I love rice paper lampshades. They’re beautiful in their simplicity, and they’re totally inexpensive. They last for years and they look good both when the light is on and during the day. I’ve always had a few hanging around the house. This last week I took down the old ones, which were disintegrating and hung some new ones. As I was going about it I remembered a vintage ocher yellow glass lampshade a high school teacher had gifted me. She was close to an old school friend’s mother, and also, lived in the same block of flats with them. While visiting this friend a few years after we had finished school I met her again. As it happened she had been trying to hang a ceiling light without success and so had come upstairs to ask for help. My boyfriend managed to put the light in place and she had gifted me an identical lampshade that she had picked up at a flea market. I never met her again, because she moved to Brussels, but I carried the lampshade with me from house to house even though I never used it, until I eventually gave it away in a decluttering spree.
The lampshade has been used as a metaphor to describe our layered human nature and how our different identities, individual aspects of self, as well as, our experiences can obscure our true self or our deepest essence. Bharati writes: “We humans are like a lamp that has five lampshades over our light. Each of the lampshades is a different colour and density. As the light shines through the lampshades, it is progressively changed in colour and nature. It is a bittersweet colouring. On the one hand, the shades provide the individualized beauty of each lamp. Yet the lampshades obscure the pure light”. In a webinar I recently listened to on self directed neuroplasticity Dr Joan Borysenko used the metaphor of the lampshade to describe a similar theme. She talked about how experiences and stories cover our true essence or light like a lampshade. When there is a lot of trauma the lampshade becomes thicker and more opaque, but our true essence or core self is always there below all the lived experiences, the different identities, the brokenness, the woundedness and the defenses. As Rea Rashani writes in her poem The Unbroken: “as we break open to the place inside / which is unbreakable and whole…”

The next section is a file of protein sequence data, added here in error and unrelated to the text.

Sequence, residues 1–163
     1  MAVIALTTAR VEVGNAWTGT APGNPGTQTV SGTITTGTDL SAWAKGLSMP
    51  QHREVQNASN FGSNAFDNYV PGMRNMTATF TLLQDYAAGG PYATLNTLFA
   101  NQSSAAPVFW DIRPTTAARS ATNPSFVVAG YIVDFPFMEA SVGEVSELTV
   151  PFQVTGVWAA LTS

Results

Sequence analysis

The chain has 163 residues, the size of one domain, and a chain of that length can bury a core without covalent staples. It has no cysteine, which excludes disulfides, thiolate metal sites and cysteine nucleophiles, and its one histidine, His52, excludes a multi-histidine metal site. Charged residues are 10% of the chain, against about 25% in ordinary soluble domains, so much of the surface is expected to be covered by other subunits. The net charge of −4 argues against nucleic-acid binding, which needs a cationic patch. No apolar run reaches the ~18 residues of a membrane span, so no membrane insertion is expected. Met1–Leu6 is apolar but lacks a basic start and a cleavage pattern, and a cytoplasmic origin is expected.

The Unbroken by Rea Rashani
There is a brokenness / out of which comes the unbroken,
a shatteredness / out of which blooms the unshatterable.
There is a sorrow / beyond all grief which leads to joy
and a fragility / out of whose depths emerges strength.
There is a hollow space / too vast for words
through which we pass with each loss,
out of whose darkness / we are sanctioned into being.
There is a cry deeper than all sound
whose serrated edges cut the heart
as we break open to the place inside
which is unbreakable and whole,
while learning to sing.